I asked Lisa for the back story behind the novel – how she got the idea, if she was plagued with demons while writing, how long it took…
Thanks for having me over Fleur!
Stella Makes Good came together fairly easily for me.
Firstly, there was a piece in the local paper about a raid on a swinger’s party in the next suburb. At the time, I read it and thought, wow! Swingers? Just up the road from me? Imagine if you accidentally turned up there expecting a normal party and instead saw your local butcher dressed in dominatrix gear and the local school’s headmaster wearing a nappy and being lead around on a dog lead? My imagination went into overdrive!
A couple of months later, I was having New Year’s drinks with girlfriends at a local pub – and like Stella and her friends, by the time we caught up, it was almost the end of January. One of my friends asked everybody what their New Year’s mantras were, and we collectively groaned.
But again, it got me thinking, what a great way to begin a novel…making New Year’s resolutions, having defining mantras for the new year…most of us do it…usher in the positive and wipe the slate clean from the previous year.
When I combined the two thoughts, they formed the basis of Stella Makes Good – the rest I made up as I went along.
From the beginning, I knew I wanted the story to be set over one week – I love packing as much drama as I can into a short amount of time – and when you think about it, seven days is quite long. It’s time enough to fall in love, realise you’re married to an adulterer, fail exams, lose a job, win your dream promotion, die…really, anything can happen in a week…and most life changing events happen in a split second.
What if something you knew to be true, turned out to be false? A lie? I believe life turns on a five cent piece…circumstances…and realities can change in the blink of an eye, and often do.
As with my previous three novels, I wrote the main character, Stella, in first person…and then I thought I’d be super clever by writing the three secondary characters in first person as well! So for twelve months or thereabouts, I worked on the first couple of drafts, going back every now and then to layer characters and plotlines.
Because Stella was the anchor, I wanted her to have the least problems, but after the first draft when I reread her story, I thought, ‘apart from being a librarian and a decent mother, you’re a bore’ so I added a romantic interest for her and a mother in law she loved (perhaps a unique relationship – but I love writing about older women which inevitably I model on my mum and her friends).
I wasn’t plagued with demons so much because I really got into Stella’s story and treated her and her friends like real people. (Occupational hazard.)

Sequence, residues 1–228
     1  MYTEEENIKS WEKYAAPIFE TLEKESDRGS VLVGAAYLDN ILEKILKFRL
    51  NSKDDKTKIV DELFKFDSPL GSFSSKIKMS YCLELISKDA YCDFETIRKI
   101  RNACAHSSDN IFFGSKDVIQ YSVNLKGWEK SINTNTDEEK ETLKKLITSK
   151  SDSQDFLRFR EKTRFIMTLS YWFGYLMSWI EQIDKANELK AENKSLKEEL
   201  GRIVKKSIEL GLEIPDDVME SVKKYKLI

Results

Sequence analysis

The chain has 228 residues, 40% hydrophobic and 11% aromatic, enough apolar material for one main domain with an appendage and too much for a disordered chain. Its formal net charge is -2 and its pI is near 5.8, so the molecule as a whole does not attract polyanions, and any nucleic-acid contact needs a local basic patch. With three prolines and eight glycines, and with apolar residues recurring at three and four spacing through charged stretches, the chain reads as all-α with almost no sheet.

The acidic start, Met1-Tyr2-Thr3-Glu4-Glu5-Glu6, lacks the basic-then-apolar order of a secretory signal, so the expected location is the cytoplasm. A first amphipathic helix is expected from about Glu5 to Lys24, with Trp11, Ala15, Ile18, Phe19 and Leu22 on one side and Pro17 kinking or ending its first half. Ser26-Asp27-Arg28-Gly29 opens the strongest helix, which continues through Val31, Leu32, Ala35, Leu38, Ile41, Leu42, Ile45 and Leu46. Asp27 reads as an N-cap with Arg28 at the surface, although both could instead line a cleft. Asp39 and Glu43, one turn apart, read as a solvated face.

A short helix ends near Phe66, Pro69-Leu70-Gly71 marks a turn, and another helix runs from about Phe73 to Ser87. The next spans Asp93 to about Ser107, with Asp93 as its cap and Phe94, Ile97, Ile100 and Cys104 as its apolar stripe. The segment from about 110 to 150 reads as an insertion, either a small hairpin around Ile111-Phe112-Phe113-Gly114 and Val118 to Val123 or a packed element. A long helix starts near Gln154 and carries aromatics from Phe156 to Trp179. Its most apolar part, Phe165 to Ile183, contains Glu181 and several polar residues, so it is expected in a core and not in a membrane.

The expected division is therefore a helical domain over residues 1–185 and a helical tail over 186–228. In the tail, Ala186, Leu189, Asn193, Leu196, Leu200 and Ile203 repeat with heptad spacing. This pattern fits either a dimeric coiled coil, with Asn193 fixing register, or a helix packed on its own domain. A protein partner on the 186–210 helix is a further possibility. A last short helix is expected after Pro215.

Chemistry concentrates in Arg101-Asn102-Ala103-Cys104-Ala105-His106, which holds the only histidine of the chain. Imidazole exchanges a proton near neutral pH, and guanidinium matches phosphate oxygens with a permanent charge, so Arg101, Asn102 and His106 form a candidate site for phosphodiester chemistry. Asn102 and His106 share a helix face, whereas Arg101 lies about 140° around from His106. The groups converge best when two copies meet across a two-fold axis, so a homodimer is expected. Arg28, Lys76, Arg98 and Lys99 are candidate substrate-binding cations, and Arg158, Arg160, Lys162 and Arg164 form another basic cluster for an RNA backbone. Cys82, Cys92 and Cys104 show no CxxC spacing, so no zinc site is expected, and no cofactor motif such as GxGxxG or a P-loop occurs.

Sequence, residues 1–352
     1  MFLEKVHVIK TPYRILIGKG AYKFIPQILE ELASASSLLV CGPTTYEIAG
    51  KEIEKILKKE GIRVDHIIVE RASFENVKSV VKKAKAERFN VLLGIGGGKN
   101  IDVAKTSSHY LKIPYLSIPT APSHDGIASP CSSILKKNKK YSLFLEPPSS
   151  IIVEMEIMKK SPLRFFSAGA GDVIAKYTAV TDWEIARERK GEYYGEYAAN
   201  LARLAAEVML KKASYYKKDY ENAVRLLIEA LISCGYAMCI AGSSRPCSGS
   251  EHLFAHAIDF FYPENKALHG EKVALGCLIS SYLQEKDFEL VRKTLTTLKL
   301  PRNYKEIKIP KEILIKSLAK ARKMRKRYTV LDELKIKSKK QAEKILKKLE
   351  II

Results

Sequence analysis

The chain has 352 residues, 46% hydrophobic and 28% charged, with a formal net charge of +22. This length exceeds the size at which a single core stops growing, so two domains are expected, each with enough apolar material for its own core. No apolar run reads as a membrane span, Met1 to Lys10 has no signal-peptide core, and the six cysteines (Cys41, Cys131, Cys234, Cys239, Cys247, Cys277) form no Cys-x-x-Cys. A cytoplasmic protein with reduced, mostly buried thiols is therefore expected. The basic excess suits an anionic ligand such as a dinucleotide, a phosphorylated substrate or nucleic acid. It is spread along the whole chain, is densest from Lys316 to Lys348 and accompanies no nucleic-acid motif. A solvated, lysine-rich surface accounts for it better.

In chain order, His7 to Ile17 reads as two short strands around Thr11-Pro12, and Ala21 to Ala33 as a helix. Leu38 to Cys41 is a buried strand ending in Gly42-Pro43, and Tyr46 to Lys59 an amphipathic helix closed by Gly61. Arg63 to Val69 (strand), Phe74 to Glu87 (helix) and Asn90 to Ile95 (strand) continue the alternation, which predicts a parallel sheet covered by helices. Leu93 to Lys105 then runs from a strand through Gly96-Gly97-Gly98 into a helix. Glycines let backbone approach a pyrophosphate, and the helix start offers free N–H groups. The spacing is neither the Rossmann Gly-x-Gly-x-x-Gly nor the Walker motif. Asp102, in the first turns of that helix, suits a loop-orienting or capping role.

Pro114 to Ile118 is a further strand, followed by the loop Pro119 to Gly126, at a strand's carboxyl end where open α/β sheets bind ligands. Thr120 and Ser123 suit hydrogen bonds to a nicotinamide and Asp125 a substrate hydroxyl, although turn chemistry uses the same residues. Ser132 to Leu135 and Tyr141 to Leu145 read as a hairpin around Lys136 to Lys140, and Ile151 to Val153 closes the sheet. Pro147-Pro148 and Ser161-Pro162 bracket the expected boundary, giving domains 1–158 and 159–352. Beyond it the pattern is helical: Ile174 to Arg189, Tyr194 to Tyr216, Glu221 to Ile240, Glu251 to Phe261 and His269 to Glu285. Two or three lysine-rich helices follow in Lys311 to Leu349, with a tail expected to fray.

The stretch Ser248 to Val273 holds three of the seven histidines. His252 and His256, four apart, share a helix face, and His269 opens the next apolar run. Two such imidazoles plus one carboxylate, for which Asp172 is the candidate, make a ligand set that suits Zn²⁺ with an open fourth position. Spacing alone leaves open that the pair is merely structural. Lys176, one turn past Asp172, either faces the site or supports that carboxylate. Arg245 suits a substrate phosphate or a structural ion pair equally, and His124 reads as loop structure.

However, I didn’t think her friends had enough problems so I kept adding to their angst. I wanted so much to add to their angst that I originally had one of the main characters die, but then when I thought about it, I realised I didn’t want that. I didn’t want any of the characters to take the easy way out. Life is tough and you have to deal with it.
That’s not to say that Stella Makes Good is not a hopeful story but those four women – Stella, Jesse, Carly and Louisa – have one hell of a traumatic week!
When I finished Stella’s story, I was quietly confident it would fly and was happy with the four characters all speaking in first person with their own voice…then I got the structural edit back. All twelve pages of it!
Being me, I stomped and cried. The gist of the report was that Stella’s first person was fine but the other three needed to be rewritten in third person. Rewritten being the operative word…I was being asked to do a major rewrite. Far out!
Though I was on a deadline, I called (I think I may have texted) and said, ‘I can’t look at this for at least a week. I need time to digest. It’s basically a rewrite.’
I think then she might have texted back ten minutes later and said something along the lines of ‘suck it up princess’.
Rather than be juvenile and engage in a text fight, I rang and swore at her – we have an open relationship.
Anyway, after I calmed down, I could see the editor’s point and although it was a bit (!) of work, I believe that Stella Makes Good is a much better book because of the changes that were suggested to me.
And that’s about it. Stella Makes Good went through some major rewrites but that’s what you do when you’re a pantser like me and have no idea where your story is heading! You start with an idea and fly by the seat of your pants.
I love Stella and her friends…I just wouldn’t want to spend a week in their shoes!